Mars

5 Water, 12 Oxygen, 2 Carbon, 1 Titanium, 20 Light Metals, 15 Heavy Metals

Extinct comet

100 Volatiltes, 2 He3, 131 Water, 10 Carbon, 1 Titanium, 5 Light Metals, 1 Heavy Metals

C-Type asteroid

120 Volatiles, 50 Water, 5 Oxygen, 20 Carbon, 1 Titanium, 5 Light Metals

S-Type asteroid

15 Oxygen, 2 Carbon, 5 Titanium, 15 Light Metals, 2 Heavy Metals, 1 Rare Earths

M-Type asteroid

15 Heavy Metals, 4 Rare Earths, 1 Radioactives

Refining

Oxygen

Requirements: 115 Water
Output: 100 Oxygen

Rocket Fuel

Requirements: 75 Volatiles, 20 Water, 20 Oxygen, 10 Carbon,
Output: 100 Rocket Fuel

Fusion Premix

Requirements: 100 Water, 10 He3
Output: 100 Fusion Premix

Component Fabrication

Products

Rocket Fuel
Fusion Premix
Electronics
Hyperalloys
Field Modulators

Electronics

Requirements: 24 Volatiles, 15 Carbon, 10 Light Metals, 1 Rare Earths
Output: 10 Electronics

Hyperalloys

Requirements: 10 Carbon, 12 Titanium, 1 Heavy Metals, 2 Rare Earths
Output: 10 Hyperalloys

Field Modulators

Requirements: 6 Carbon, 6 Light Metals, 5 Heavy Metals, 8 Rare Earths
Output: 10 Field Modulators

Equipment List

Space Structures

Note that all of these can be assembled in orbit, they don't need to go up in one lift.

Orbital Habitat

Houses 500 colonists
Lift Weight: 2000
Cost (dollar): 1300
Cost (resource): 90 Volatiles, 1500 Light Metals, 400 Heavy Metals, 10 Electronics
Upkeep: 10 Volatiles, 50 Water, 50 Oxygen, 2 Power

surface Habitat

Houses 500 colonists
Lift Weight: 400
Cost (dollar): 400
Cost (resource): 90 Volatiles, 100 Light Metals, 200 Heavy Metals, 10 Electronics
Upkeep: 10 Volatiles, 50 Water, 50 Oxygen, 2 Power

Solar Plant

Outputs electrical power
Lift Weight: 25
Cost (dollar): 60
Cost (resource): 10 Volatiles, 10 Light Metals, 5 Electronics
Upkeep: None
Power Output: 6 (multiplied by Solar Flux Value)

Fusion Plant

Outputs electrical power
Lift Weight: 50
Cost (dollar): 650
Cost (resource): 10 Titanium, 10 Electronics, 10 Hyperalloys, 20 Field Modulators
Upkeep: 1 He3, 25 Manpower
Power Output: 100

Fusion Plant

Outputs electrical power
Lift Weight: 50
Cost (dollar): 650
Cost (resource): 10 Titanium, 10 Electronics, 10 Hyperalloys, 20 Field Modulators
Upkeep: 1 He3, 25 Manpower
Power Output: 100

Refinery

Converts
Lift Weight: 100
Cost (dollar): 200
Cost (resource): 50 Carbon, 20 Light Metals, 20 Heavy Metals, 10 Electronics
Upkeep: 5 Power, 25 Manpower

Smelter

Converts local ores into Resources
Lift Weight: 250
Cost (dollar): 600
Cost (resource): 50 Carbon, 50 Titanium, 120 Heavy Metals, 20 Rare Earths, 10 Electronics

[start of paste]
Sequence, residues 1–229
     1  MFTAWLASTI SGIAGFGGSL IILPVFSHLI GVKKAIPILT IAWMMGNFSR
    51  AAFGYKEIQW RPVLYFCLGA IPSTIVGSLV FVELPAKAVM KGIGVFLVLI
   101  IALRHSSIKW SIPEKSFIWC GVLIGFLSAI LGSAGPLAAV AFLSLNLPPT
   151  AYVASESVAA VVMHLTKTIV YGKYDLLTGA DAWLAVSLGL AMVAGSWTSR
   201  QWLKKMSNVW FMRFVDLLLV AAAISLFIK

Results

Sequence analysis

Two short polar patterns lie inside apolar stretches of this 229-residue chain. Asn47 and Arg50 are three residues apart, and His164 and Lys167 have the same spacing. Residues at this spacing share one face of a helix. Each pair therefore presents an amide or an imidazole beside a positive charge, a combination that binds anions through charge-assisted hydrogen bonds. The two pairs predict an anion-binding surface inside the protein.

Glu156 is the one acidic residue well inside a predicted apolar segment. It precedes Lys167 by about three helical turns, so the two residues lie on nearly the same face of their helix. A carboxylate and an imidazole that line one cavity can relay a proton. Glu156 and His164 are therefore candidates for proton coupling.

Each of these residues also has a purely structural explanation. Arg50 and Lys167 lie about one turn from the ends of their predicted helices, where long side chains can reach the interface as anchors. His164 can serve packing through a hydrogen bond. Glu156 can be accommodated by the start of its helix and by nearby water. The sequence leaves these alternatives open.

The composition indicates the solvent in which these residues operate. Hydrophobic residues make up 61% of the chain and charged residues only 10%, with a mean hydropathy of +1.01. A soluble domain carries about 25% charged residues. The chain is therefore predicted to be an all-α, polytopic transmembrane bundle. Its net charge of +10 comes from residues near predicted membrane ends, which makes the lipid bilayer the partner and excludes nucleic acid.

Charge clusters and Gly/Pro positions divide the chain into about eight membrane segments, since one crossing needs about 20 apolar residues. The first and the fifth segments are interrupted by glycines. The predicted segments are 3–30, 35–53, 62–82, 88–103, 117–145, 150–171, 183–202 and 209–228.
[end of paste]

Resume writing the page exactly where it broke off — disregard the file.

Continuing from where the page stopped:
Upkeep: 25 Power, 50 Manpower

Fabricator

Converts Resources into Products
Lift Weight: 250
Cost (dollar): 1200
Cost (resource): 50 Carbon, 50 Titanium, 50 Heavy Metals, 100 Electronics
Upkeep: 10 Power, 100 Manpower

Assembler

Constructs finished goods
Lift Weight: 1000
Cost (dollar): 6000
Cost (resource): 200 Carbon, 200 Titanium, 100 Heavy Metals, 500 Electronics
Upkeep: 25 Power, 250 Manpower, 5 Carbon

Supercollider

Generates exotic matter
Lift Weight: 1500
Cost (dollar): 15,000
Cost (resource): 200 Titanium, 200 Light Metals, 100 Heavy Metals, 100 Rare Earths, 200 Electronics, 200 Hyperalloys, 500 Field Modulators
Upkeep: 500 Power, 25 Manpower

Laboratory

Develops things
Lift Weight: 250
Cost (dollar): 1250
Cost (resource): 50 Carbon, 40 Titanium, 50 Metals, 10 Rare Earths, 100 Electronics
Upkeep: 5 Power, 200 Manpower

Hangar

Provides storage and maintenance for spacecraft
Lift Weight: 150
Cost (dollar): 275
Cost (resource): 20 Carbon, 50 Titanium, 50 Light Metals, 25 Heavy Metals, 5 Electronics
Upkeep: 1 Power, 25 Manpower

Spacecraft

Payload values are to Low Earth Orbit and External Orbit respectively.

Single-use rockets

Light Rocket

Payload: 1/0
Cost: 1
30% chance of failure

Medium Rocket

Payload: 25/10
Cost: 100

Heavy Rocket

Payload: 150/60
Cost: 600

Big Dumb Booster

Payload: 500/200
Cost: 1000

Multiple-use launch systems

Shuttles (SSTO)

Payload: 25/10
Fuel to Orbit: 20/35
Lift Weight: 325
Cost (dollar): 1400
Cost (resource): 100 Carbon, 100 Titanium, 20 Metals, 5 Electronics, 100 Hyperalloys

Transit Vehicles

Payload: 25
Fuel to Orbit: N/A
Lift Weight: 60
Cost (dollar): 300
Cost (resource): 25 Titanium, 10 Metals, 5 Electronics, 20 Hyperalloys

Interstellar Craft

Jumpships

Payload: 750
Transuranics per Jump: 10/1
Cost (If you could build it on the ground): 24,000
Cost (resource): 200 Carbon, 200 Titanium, 100 Metals, 50 Electronics, 200 Hyperalloys, 1000 Field Modulators